Tag Archives: New Day Films

10 Ways New Day Films Changed People’s Lives in 2014

Luis Argueta and Pope

400 copies of Bag It, Suzan Beraza’s film about the impact of plastic on our environment, were given away to schools throughout the U.S. and abroad. The effort was funded by Patagonia and the Johnson O’Hana Charitable Foundation.

Luis Argueta personally handed Pope Francis a copy of his film abUSed: The PostVille Raid, which highlights the devastating effects of US immigration enforcement policies on children, families and communities. Read the full story here.

Gaza Ghetto: Portrait of a Palestinian Family, Joan Mandell’s 1984 film about the Israel-Palestine conflict, was used to raise funds for direct aid to children in Gaza.

Debra Chasnoff presented Straightlaced – How Gender’s Got Us All Tied Up to a standing-room-only audience at Shantou University in southern China. Hundreds of students came to the first ever public lecture and screening on that campus to focus on gender and queer sexuality issues. Afterwards students shared their own concerns, fears, and questions: “I am the only girl to go to the gym to lift weights and everyone makes fun of me”; “Aren’t gay people the reason there is a population decline in the west?”; and, “I think I might be lesbian. How do you know if you are a lesbian?”

The University of North Carolina in Charlotte used Lisa Gossels’ film My So-Called Enemy to bring together students from Hillel, the Muslim Students Association and Students for Justice in Palestine. The night after the screening, the Multicultural Resource Center organized a “Civil Discourse” dinner where student leaders from these groups (and others!) bonded and made a commitment to work together.

At Parsons School of Design, a student told My Brooklyn director Kelly Anderson that seeing her film about gentrification and redevelopment in Downtown Brooklyn made him drop his career and go to graduate school in Urban Ecology.

44 years after it was made, Anything You Want To Be opened the first major conference on the early history of the Women’s Movement (Boston University’s “A Revolutionary Moment: Women’s Liberation in the Late 1960s and Early 1970s”). One participant who saw the film in the 1970s told director Liane Brandon, “That was the film that made me a feminist!”

Andrea Leland‘s film Yurumein screened for Garifuna audiences in Belize. The Garifuna (Black Caribs) are the indigenous people of St. Vincent in the Caribbean, who were nearly exterminated and most were exiled to Central America by the British 200 years ago.  The screenings sparked a desire in Central American Garifuna to reach out to their brethren in St. Vincent,  in an effort to re-establish their culture and history, lost to those living on St. Vincent.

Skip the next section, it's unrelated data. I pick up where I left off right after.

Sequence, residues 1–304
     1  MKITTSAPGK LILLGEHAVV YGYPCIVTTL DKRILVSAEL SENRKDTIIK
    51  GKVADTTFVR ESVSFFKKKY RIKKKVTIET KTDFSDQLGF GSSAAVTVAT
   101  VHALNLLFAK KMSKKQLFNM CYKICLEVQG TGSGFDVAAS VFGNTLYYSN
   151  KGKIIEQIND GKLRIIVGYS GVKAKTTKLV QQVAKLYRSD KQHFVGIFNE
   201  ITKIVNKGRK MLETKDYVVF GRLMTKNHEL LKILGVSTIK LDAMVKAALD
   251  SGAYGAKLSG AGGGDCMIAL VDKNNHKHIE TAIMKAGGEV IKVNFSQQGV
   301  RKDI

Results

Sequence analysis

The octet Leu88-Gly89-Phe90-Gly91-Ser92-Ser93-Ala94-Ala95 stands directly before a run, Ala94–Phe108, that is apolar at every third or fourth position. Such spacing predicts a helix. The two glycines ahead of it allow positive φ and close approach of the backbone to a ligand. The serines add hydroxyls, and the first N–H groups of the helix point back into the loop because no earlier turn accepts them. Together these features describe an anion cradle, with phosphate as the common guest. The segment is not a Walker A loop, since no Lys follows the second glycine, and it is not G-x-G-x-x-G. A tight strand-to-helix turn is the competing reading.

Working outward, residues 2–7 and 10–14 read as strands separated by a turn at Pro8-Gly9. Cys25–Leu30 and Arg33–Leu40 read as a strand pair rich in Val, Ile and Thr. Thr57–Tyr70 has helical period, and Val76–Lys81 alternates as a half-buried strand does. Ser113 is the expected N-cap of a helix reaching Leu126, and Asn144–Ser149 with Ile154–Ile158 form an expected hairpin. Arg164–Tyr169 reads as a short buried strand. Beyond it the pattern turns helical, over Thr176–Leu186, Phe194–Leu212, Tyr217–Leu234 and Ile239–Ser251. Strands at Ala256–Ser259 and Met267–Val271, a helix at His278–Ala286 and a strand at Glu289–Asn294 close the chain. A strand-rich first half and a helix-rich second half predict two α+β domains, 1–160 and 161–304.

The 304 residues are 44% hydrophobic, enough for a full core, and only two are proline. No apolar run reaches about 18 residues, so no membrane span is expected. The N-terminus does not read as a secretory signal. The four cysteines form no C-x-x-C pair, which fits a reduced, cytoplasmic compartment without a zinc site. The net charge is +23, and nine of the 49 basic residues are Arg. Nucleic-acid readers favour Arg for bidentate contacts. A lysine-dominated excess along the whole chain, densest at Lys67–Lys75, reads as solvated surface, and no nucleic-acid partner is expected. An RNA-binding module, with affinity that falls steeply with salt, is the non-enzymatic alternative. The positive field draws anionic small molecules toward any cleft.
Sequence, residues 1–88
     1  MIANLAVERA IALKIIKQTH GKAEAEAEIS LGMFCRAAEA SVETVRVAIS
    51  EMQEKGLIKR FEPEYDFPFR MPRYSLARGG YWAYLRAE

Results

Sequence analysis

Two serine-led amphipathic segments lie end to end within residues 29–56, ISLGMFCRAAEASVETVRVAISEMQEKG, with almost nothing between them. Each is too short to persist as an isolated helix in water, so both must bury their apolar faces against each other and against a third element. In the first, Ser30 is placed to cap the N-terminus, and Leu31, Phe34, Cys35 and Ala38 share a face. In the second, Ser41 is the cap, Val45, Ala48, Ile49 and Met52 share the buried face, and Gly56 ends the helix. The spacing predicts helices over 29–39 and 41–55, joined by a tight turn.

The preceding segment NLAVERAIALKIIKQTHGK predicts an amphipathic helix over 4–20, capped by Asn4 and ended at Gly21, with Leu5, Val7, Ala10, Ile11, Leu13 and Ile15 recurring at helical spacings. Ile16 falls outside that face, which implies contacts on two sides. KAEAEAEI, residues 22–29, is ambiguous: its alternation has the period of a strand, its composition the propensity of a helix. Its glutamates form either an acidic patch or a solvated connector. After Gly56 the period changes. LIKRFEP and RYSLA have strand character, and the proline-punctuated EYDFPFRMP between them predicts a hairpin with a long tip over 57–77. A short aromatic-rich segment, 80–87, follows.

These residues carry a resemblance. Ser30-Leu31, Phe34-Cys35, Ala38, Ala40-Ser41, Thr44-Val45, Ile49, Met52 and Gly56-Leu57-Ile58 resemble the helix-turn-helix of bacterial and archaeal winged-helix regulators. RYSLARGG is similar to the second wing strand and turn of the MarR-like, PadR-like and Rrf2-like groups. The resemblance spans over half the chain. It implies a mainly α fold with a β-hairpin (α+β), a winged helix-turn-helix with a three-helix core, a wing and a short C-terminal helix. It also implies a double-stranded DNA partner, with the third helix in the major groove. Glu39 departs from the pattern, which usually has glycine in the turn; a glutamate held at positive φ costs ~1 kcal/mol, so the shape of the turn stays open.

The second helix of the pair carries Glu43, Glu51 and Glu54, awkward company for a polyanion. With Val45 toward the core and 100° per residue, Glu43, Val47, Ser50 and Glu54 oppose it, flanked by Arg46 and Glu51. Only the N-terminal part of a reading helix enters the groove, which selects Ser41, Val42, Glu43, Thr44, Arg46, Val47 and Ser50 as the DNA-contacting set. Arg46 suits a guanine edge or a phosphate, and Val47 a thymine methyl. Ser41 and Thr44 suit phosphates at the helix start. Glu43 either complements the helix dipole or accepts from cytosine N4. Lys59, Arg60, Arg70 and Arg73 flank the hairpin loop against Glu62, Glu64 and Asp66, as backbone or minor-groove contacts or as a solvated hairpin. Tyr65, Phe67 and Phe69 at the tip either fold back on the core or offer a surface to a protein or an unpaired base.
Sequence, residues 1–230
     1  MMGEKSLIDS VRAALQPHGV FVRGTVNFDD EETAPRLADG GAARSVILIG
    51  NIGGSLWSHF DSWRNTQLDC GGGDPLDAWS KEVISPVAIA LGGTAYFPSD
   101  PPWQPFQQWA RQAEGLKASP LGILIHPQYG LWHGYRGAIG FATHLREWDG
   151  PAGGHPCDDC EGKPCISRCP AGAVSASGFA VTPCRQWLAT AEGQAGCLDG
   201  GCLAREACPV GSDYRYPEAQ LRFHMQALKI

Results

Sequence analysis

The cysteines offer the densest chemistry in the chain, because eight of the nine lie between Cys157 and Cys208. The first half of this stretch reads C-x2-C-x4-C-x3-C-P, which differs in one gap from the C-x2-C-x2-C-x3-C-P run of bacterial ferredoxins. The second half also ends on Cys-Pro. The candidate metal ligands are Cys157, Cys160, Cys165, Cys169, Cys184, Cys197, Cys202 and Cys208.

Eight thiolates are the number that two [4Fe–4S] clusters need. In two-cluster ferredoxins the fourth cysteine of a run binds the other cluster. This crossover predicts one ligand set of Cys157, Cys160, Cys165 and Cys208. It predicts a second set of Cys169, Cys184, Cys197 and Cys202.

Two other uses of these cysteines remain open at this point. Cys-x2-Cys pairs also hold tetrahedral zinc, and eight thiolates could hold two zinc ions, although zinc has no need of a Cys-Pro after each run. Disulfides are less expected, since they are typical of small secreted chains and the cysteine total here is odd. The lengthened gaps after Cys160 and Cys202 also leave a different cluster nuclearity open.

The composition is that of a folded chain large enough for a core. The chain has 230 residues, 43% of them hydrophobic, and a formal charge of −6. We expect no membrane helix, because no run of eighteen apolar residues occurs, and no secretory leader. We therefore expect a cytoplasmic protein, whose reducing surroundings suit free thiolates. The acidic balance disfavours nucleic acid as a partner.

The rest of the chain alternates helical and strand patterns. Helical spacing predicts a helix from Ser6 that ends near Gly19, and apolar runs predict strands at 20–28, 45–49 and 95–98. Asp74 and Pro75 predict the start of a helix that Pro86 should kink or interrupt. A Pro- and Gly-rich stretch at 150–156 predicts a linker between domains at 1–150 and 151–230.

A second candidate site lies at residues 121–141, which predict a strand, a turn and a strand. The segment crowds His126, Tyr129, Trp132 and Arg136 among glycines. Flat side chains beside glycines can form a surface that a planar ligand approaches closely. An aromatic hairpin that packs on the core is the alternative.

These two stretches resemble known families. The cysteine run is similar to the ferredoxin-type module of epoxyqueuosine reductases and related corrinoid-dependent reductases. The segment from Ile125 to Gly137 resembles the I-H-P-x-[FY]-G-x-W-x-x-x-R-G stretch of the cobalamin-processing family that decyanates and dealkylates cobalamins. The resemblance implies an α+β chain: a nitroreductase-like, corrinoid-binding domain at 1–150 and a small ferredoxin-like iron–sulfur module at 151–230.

Pat Goudvis has launched an interactive media project exploring the aftermath of wars in Guatemala and Central America by revisiting the same characters from her 1992 documentary If the Mango Tree Could Speak and weaving together “then and now” footage with other elements.

Clips from Alice Elliott’s documentary Body & Soul: Diana & Kathy appear in a new training video, ACTIVATE HERE!, designed to help disabled people advocate for themselves (funded by The Fledgling Fund and the Arc of the United States and available free online with closed captioning and audio description).

New Day Makes the B-Corp A-List!

By Isabel Hill, New Day Member

Earlier this year, New Day completed an intensive process that resulted in a designation of “B Corporation” for our social and environmental performance, accountability, and transparency as a company. We are proud to announce that New Day has now been placed on the 2014 B Corp “Best for Communities” List!

We were given this honor because we earned a community impact score in the top 10% of all Certified B Corporations on the B Impact Assessment, a comprehensive evaluation of a company’s impact on its workers, community, and the environment.

New Day is one of 86 businesses that earned this score, placing us in the midst of an exciting global movement. In fact, 34% of our fellow “Best for Communities” winners are from outside the United States. These are companies that have taken the lead in delivering beneficial products and services, building local living economies, creating Fair Trade supply chains, and innovating through diversity.

We celebrate being in the forefront of a global movement to redefine success in business and it is our hope that one day all companies will compete to be not just the best in the world but the best for the world.

For more information about B-Corps visit: http://www.bcorporation.net/b-the-change